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Books by Grigory Yavlinsky
Economics and Politics in Russia
The Center for Economic and Political Research (EPIcenter)
Nizhni Novgorod-Moscow, 1992

1.2. Principles.

On the Notion of "Self-Determination of Nations"

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In the sphere of international relations "freedom" was understood as "freedom from" (see the previous paragraph). It would not have been dangerous if a negative definition had been followed by a positive one (if the deeper meaning had been "freedom for"). But this did not happen.

It was believed that "self-determination" would be followed by the flourishing of the national culture and economy. This was assumed not only without proof, but also without clarification of the meaning.

The thesis of "national self-determination" has thus become one of the idols of our intelligentsias mentality.

At the same time it turned out to be very convenient for our political elite, which used it as one of the slogans in their struggle for power. Taking into account that one of the major problems facing Russia at present is that of separation of certain republics (in this part it is a direct continuation of the trends acting since the collapse of the Soviet Union), and the fact that the thesis of "national self-determination" justifies this process, it is necessary to estimate the value of this thesis.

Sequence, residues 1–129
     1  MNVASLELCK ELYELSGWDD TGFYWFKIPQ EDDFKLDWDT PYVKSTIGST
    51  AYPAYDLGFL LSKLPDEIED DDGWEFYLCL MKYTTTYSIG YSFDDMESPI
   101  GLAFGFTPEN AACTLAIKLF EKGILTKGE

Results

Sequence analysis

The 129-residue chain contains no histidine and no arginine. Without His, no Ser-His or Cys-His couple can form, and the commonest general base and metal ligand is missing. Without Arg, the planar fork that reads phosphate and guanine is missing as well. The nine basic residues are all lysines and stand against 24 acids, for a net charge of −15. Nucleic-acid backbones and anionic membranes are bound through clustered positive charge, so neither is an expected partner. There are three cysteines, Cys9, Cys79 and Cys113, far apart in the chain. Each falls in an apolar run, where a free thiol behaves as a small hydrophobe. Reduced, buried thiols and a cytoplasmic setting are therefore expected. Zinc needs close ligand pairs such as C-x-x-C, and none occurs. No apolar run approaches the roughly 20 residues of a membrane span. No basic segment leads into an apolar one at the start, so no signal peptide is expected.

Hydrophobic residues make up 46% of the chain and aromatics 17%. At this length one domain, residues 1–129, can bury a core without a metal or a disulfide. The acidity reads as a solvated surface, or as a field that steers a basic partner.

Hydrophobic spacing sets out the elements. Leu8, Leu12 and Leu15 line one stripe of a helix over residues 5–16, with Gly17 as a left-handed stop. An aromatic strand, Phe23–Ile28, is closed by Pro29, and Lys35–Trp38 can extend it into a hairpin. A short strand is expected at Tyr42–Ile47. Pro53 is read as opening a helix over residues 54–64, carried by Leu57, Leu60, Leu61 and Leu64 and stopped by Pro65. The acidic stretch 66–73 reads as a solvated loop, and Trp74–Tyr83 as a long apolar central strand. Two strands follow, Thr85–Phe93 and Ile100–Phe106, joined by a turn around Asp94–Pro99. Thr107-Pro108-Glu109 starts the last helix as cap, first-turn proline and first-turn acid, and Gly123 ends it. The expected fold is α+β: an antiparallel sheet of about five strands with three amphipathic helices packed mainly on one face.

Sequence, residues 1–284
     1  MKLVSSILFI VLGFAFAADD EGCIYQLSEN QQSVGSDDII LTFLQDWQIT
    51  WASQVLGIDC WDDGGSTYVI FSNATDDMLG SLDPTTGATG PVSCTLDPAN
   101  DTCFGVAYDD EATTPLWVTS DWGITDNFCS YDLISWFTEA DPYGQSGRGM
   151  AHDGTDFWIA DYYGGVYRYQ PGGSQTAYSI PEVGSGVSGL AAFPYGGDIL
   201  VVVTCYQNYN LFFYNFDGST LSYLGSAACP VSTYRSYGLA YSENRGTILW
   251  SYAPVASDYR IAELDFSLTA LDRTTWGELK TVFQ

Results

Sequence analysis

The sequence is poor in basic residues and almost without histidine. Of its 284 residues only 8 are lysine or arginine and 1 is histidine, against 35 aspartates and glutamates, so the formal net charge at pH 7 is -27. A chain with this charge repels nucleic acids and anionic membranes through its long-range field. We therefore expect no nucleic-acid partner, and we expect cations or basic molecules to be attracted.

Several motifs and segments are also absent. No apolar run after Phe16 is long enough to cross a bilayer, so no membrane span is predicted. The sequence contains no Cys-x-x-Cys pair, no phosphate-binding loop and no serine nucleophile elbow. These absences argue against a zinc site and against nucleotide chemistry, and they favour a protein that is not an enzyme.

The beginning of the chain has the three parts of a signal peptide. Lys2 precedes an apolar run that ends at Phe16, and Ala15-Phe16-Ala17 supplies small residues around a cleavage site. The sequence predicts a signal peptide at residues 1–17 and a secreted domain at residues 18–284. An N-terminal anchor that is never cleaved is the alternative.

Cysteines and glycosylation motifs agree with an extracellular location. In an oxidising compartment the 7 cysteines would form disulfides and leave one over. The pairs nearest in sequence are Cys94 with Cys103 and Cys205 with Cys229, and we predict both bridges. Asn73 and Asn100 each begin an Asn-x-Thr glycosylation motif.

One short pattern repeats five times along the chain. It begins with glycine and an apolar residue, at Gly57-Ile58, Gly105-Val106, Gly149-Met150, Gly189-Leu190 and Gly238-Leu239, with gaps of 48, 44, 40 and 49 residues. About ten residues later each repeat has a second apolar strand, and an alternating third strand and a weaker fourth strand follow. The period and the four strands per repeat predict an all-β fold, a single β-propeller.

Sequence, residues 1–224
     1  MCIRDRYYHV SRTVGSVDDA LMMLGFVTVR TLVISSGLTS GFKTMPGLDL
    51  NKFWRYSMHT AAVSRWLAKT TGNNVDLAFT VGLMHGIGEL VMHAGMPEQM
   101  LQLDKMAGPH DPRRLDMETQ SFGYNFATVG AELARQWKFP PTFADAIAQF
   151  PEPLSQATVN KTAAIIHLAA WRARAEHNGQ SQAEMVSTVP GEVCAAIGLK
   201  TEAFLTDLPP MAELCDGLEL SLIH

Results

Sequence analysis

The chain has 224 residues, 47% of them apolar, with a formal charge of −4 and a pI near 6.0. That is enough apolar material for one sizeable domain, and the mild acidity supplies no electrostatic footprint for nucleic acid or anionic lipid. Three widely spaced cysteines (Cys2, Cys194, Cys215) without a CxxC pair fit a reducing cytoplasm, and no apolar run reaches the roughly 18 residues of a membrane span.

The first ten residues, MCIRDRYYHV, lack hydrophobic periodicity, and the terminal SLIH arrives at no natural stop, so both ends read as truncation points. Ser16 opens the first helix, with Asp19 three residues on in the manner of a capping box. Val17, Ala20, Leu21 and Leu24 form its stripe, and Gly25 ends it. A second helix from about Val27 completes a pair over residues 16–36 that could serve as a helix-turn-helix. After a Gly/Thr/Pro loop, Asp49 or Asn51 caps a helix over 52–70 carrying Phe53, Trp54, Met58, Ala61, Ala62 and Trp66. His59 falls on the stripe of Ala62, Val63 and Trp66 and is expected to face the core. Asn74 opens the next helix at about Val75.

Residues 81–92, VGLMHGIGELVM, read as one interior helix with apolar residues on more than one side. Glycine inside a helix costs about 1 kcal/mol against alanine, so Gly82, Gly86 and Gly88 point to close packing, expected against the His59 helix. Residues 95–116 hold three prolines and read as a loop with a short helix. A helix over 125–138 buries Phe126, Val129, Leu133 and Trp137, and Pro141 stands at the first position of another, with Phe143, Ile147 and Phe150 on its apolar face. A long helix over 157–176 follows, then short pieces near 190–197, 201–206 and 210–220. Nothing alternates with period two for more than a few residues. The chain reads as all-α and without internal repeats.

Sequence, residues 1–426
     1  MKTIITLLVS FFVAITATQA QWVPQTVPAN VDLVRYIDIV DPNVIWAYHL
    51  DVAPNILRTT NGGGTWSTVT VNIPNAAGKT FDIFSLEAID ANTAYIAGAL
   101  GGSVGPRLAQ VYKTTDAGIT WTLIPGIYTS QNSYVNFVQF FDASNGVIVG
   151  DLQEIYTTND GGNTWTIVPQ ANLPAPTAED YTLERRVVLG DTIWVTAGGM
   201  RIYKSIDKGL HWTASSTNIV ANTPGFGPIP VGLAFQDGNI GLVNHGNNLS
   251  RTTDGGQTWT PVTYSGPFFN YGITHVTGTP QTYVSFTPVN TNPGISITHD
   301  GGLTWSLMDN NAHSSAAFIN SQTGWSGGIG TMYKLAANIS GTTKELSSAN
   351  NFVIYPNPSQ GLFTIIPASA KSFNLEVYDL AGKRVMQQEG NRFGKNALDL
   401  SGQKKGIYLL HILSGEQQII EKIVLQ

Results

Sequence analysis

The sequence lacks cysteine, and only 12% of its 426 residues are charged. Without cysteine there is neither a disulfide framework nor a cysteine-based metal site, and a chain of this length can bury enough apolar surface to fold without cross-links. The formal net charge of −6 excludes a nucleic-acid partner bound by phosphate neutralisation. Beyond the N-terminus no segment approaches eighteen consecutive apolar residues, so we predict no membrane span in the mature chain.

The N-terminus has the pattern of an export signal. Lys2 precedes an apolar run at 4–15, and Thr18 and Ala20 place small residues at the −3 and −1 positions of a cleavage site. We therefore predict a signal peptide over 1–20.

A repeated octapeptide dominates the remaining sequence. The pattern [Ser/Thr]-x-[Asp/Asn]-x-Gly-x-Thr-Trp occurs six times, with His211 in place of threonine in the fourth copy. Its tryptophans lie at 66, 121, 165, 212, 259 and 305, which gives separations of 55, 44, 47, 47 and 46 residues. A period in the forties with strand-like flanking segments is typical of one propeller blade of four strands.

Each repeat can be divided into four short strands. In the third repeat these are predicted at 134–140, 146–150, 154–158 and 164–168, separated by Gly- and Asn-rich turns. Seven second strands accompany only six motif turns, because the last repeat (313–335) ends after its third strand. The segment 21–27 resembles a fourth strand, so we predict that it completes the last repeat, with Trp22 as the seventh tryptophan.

Certainly, sovereignization in Russia should not be compared with the analogous process which took place in the USSR. It has its own specific features. First of all, already the representatives of Russian regions (at least on the level of public movements) desire "freedom" from the "Centre" (Siberia is the most transparent example). Here we can see the division not according to ethnic, but also economic principles (hence, the argument from the advocates of Siberia's separation, the "white-and-green" movement, is of economic nature).

Furthermore, the portion of the Russian population in the republics which would like to demand independence is high. Nevertheless, one should think over the concept of "freedom of self-determination" for the following reasons:

- first, the process of disintegration of the Union has not yet ended (the matter is not only in the disintegration of Russia or the federalisation of Ukraine - the danger lies in the fact that the division according to the ethnic criterion, of, for example, Russia, threatens to divide some of the republics - e.g., Sakha (Yakutia) and Tatarstan);

- second, today Russia (considering the de facto rather than de jure state of affairs) is a country without boundaries. The formation of new states has not finished yet, moreover, we presume that in this respect no single tendency can be found (this is true for at least some of the countries). And

if so, if our nations have become "free", one can not deny the possibility of their new integration on certain terms. In this respect it would be useful if there were no intellectual obstacles on the way to integration.

Thus, it is necessary to answer the question in what respect the thesis of "national self-determination" will be correct.

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